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« Reply #3 on: August 09, 2004, 11:14:52 AM »
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[font color=\'#000000\']If you are going to Yellowstone, I would try to get a trip to the Grand Tetons and Jackson.  The Grand Tetons spots I like best are along the main road.  Go east neat the airport and see some old buildings, including a well photographed barn circa 1920.  There are also large numbers of buffalo there in summer.

There is an overlook a bit further north with easy trails to the Snake.  Good morning reflections of the mountains in quiet pools.

In Jackson, eat at Anthony's.  Great Italian food, especially if you like garlic.  No reservations, so arrive just before opening and get in line (5 pm I think).  The Pearl Street Bagel shophas great coffe and of course bagels for a fast breakfast.

The area arounf Moose Junction is good for moose.  I'v seen a couple of black bears there too.[/font]
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Henry W
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« Reply #4 on: July 14, 2004, 01:45:42 PM »
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[font color=\'#000000\']I am going to spend 5 days in Yellowstone NP later this month. I am interested in landscapes rather than wildlife. Can anyone help me with "prime times" of day at the various locations?

We are also spending time at the Tetons but those spots are fairly well documented.

Thanks...Henry[/font]
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howard smith
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« Reply #5 on: July 14, 2004, 06:22:58 PM »
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[font color=\'#000000\']I am not a fan of Yellowstone, but Yellowstone Falls and the gorge below the falls are really exquisite.  No idea or the best time of day.[/font]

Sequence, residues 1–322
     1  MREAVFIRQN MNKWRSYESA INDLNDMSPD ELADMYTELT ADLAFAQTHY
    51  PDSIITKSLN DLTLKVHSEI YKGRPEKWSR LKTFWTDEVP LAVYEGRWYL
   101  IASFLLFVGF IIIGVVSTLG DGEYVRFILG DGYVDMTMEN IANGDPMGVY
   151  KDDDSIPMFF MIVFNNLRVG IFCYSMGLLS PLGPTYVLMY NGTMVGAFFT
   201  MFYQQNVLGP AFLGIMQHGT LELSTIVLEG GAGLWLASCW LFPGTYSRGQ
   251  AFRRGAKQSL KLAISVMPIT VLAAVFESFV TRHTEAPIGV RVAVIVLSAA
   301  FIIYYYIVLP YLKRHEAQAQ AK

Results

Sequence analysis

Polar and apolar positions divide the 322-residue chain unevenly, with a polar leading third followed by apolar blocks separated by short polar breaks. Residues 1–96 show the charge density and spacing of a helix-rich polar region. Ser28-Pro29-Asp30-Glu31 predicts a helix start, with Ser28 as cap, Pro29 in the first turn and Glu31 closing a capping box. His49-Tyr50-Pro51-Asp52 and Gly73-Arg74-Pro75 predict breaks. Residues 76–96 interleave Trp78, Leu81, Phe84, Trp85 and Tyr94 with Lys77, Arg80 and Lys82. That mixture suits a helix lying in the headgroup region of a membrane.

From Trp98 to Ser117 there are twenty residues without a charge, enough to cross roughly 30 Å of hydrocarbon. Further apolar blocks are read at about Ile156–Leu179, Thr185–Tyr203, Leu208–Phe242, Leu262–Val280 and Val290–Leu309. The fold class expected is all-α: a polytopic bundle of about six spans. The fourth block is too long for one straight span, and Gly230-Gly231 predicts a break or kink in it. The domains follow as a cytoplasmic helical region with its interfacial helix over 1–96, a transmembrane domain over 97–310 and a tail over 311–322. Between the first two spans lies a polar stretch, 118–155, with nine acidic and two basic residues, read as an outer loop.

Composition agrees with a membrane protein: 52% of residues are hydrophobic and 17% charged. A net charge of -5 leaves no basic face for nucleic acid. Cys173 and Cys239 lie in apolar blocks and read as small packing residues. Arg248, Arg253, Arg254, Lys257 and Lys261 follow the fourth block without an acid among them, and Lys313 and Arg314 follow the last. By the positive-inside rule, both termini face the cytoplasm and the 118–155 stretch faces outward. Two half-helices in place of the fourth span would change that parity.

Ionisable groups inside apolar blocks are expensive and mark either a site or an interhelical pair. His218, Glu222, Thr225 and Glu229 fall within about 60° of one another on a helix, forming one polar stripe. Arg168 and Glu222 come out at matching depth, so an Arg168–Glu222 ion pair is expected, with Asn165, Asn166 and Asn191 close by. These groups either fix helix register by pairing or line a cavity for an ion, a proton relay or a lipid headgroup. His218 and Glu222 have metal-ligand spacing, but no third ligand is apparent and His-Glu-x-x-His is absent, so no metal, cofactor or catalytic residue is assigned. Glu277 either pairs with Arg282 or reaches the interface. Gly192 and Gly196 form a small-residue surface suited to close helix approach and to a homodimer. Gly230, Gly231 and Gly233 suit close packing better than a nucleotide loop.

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andyfrazer
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« Reply #6 on: July 15, 2004, 05:46:58 PM »
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[font color=\'#000000\']If you're interested in night photography, don't forget that they don't shut the geyers off at night (including Old Faithful). Not only are most of the crowds gone, but OF was stunning under a starry sky at 11:30pm.  If I could go back again, I would shoot long exposures at night of all the geysers.

But, then, I always shoot everything at night.... :cool:

Andy Frazer
http://www.gorillasites.com/nightphotos[/font]
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Henry W
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« Reply #7 on: July 16, 2004, 02:52:24 PM »
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[font color=\'#000000\']Hank, Howard, Stealth, Andy & Chris,

Lots of great advice. With all your help I'm able to start a plan.

Thanks...Henry[/font]
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Leej
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« Reply #8 on: August 13, 2004, 08:13:22 PM »
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[font color=\'#000000\']To add to what others have suggested - there is a waterfall in YNP called Fairy Falls. When I was there a couple of years ago the waterfall was wispy and delicate, falling into a nice pool, and made for some very nice shots. Its an easy hike (maybe 1.5 miles - can't remember for sure) and gets you away from the crowds.

On the other hand - the comment about not trying to do too much is REALLY a valid observation. YNP is huge. Also, add extra driving time during the day to allow for Moose jams, or Elk jams, or Buffalo jams :laugh:[/font]